Damien Mama is another bulk in the middle. He registered at 334 pounds in the pre-draft process but apparently was up around 400 at times at USC. Weight and movement are issues, but he’s a great anchor against bull rushers and a bulldozer in run blocking.
The Wildcats have not taken a dedicated Center. Micah St Andrew (6’3″ 348) has experience starting at Center, even though he’s listed as a guard.
Lots of bulk on the interior here. Looks like we’re going to see a power rushing attack in LA.
Front Seven: B-
Willie Mays III is a rusher who flashes some explosiveness and speed off the edge. He’s got the ability to get to the QB and penetrate the backfield, and though he didn’t face top competition in D-II at Tiffin, he’s got talent. Stints in Green Bay and Montreal have given him a chance to show out against pro talent.
Cedric Reed was a disruptive force who displayed pass rush and run disruption capabilities at Texas. He put up good production against Big-12 competition, and though he didn’t catch on with the Bills or Dolphins after offseason stints, I think he’s got the skill package to be a solid pass rusher in the XFL.
The Wildcats just lost Corey Vereen, who exited the league to pursue a career in Computer Science. He was tied for 4th in the AAF with 4 sacks last spring, and though they have some other good options, they’ll miss his pass rush production.
Anthony Johnson-DT was the Wildcat’s first pick in Phase III. After a good run at LSU, he’s been around the league for a few years, most notably playing in rotation with the 2016 Patriots Super Bowl team. He’s got top-end burst and athleticism for his size and plays with good leverage off the line.
Shawn Oakman is a monster off the end, and at 6’9″ he’s got all the length you could ask for. He had a fantastic season at Baylor in 2014 with 25.5 tackles for loss and 11 sacks. Initially projected as a first-round draft pick for his disruptive abilities and massive frame, he was accused of sexual assault 2 weeks before the 2016 Draft.
SHAWN. OAKMAN. 😳— Los Angeles Wildcats (@XFLWildcats) October 16, 2019
That's it.. that's the tweet. pic.twitter.com/smUJo0yZGK
He was eventually found not guilty, but the draft had long since passed and he tried his hand at Indoor Football. He should be a force to be reckoned as a 3 technique.
Eric Pinkins has bounced between Safety and Linebacker and projects to play down in the box for LA. As a DB at San Diego State, he held up well in coverage and was stout against the run. He barely cracked the field in the NFL with the Seahawks, Chargers, and Giants, but had good production last spring in the AAF. With a versatile skill set, he’ll be able to take on multiple assignments and make plays all over the field.
Tre Williams is a bit undersized at 6’2″ 220, but plays with good sideline to sideline speed, flowing to the ball. He’s got enough length and speed to hold up against mismatches in coverage and will be a big part of the Wildcats’ Nickel defense. He put up good production in 3 years as a starter at Auburn.
Adrian Hubbard was a good contributor at Alabama, has good length at 6’6″ and has some pass rush moves to offer here. Taiwan Jones and Quentin Gause were productive in college and could compete for playing time as well.
Jack Tocho flashed some ball-hawking abilities at North Carolina State, with 6 picks and 26 PD’s in 4 years. He was moved from CB to Safety in the NFL to better suit his skill set and has been lauded for his football IQ and work ethic. He has a good combo of length and speed and should lock down one of the Safety spots with quality play.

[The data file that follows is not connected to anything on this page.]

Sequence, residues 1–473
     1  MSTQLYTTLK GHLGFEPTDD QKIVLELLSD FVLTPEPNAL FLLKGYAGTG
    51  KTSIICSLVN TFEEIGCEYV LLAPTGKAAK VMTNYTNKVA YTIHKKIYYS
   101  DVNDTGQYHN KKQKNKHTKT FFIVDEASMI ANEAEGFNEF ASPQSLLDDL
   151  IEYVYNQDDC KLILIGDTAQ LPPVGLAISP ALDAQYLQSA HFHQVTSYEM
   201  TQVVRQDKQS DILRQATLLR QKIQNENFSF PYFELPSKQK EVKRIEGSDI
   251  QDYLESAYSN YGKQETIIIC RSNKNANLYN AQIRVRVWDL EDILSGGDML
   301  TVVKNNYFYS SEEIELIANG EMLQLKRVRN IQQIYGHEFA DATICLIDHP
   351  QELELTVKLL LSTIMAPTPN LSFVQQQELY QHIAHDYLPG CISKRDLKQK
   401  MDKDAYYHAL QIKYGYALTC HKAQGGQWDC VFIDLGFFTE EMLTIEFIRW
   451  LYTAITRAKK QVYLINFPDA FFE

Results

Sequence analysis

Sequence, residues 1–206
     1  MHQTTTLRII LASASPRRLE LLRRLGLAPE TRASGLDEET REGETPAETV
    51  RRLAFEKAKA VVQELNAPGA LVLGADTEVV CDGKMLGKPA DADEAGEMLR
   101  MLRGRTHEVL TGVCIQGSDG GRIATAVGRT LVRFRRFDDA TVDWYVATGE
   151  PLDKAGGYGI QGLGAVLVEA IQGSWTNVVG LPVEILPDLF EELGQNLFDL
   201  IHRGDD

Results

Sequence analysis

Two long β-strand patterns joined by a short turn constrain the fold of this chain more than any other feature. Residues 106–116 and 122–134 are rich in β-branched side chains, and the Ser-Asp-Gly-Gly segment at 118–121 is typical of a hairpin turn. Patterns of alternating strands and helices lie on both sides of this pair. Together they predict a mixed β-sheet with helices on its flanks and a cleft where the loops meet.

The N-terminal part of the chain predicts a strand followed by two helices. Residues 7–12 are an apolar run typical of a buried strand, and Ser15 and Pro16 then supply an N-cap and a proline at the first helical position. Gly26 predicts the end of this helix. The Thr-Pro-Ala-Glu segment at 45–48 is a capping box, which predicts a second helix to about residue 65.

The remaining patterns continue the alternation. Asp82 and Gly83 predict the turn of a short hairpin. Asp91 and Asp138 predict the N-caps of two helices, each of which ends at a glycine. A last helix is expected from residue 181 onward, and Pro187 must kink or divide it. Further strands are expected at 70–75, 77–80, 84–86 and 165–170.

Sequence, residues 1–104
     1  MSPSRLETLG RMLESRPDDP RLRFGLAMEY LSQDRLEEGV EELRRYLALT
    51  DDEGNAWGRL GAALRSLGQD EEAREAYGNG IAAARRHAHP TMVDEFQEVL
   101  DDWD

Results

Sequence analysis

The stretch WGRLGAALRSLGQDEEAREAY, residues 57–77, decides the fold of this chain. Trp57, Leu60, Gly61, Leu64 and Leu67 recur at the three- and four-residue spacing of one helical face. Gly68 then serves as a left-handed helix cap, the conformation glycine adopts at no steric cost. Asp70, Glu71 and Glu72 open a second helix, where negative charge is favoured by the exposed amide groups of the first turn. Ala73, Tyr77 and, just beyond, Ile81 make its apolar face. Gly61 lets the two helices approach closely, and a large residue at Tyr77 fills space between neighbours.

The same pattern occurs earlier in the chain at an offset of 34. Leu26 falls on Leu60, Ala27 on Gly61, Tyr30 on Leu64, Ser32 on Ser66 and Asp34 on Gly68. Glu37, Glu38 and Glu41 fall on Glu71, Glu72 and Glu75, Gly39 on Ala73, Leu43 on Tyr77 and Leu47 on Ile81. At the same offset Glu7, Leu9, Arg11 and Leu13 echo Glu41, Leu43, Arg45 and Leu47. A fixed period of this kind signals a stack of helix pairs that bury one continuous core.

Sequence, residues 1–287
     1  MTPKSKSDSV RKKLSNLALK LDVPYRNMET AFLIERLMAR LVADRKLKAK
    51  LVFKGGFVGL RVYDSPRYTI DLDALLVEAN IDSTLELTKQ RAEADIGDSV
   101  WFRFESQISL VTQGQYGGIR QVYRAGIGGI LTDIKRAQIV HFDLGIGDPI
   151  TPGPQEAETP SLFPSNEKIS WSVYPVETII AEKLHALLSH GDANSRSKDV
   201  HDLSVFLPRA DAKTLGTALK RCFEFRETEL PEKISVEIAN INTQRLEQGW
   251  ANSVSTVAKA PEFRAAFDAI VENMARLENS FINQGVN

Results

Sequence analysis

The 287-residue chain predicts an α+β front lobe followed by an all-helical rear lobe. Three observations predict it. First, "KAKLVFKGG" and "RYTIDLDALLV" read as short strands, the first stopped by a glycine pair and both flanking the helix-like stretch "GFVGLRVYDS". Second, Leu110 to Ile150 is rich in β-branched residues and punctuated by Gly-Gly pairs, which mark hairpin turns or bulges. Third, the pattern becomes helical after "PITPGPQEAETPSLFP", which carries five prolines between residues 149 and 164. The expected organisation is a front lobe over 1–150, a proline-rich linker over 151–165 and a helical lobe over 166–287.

Harlan Miller also has the ability to play at both DB spots, but he’s listed as a safety and will primarily line up there in LA. Miller played in the unenviable position across from Patrick Peterson, and though 2nd corners in situations like that often get picked on, Miller held his own with an interception, pass deflection and fumble recovery in limited snaps.
Jordan Powell (S) is a D-III phenom who was a two-time AFCA first-team All-American. He produced all over the field in coverage, against the run, and as a pass rusher. It’ll take an adjustment for him to face pro-level talent, but he’s got a wide skillset to contribute.
Jaylen Dunlap has ideal length and speed at corner, and is good against the run. He does need some work in coverage and didn’t have notable INT’s or PD’s in college.
CJ Moore is another player who can switch between CB and S, but with his 5’11” frame and 4.5 speed I project him to spend more time at corner, especially since there are so many safety prospects here. He had a great career at Ole Miss, and though he didn’t catch on with the Detroit Lions, I think he can carve out a role for himself in this secondary.
Nick Novak is a proven commodity, and though he’s 38 I’d take an established vet over a young kid any day at Kicker. With a career 82% field goal rate and years of experience in the NFL, NFL Europe, and UFL, he’s as steady as they come in the XFL. He did struggle in his last season (2017) with San Diego, (9/13 FG) but beyond that, he’s been pretty solid throughout his career.
Colton Schmidt leads all XFL punters in professional average punt yards with 44.0. He’s the best in the league at this point in the offseason and has put an impressive 105 of 338 punts within the 20-yard line.
Ryan Navarro played Long Snapper for a couple of years at Oregon State and has been in mini-camps with both the Washington and Oakland.
Overall Grade: B-
Luis Perez will have to show up more in the Pro’s to make an impression, but he has good running backs and fantastic WR’s to put the ball up to. I’m not particularly excited about the Tight End and Offensive Line spots, but there’s enough talent on offense overall.
The defense should be solid, there are enough standouts to keep this group together. While there’s not a lot of top-end talent on this side of the ball, they won’t be a liability. They have some great athletic off-ball linebackers that should hold down the middle of the defense and Shawn Oakman is going to do big things but I would’ve liked to see more talent at cornerback.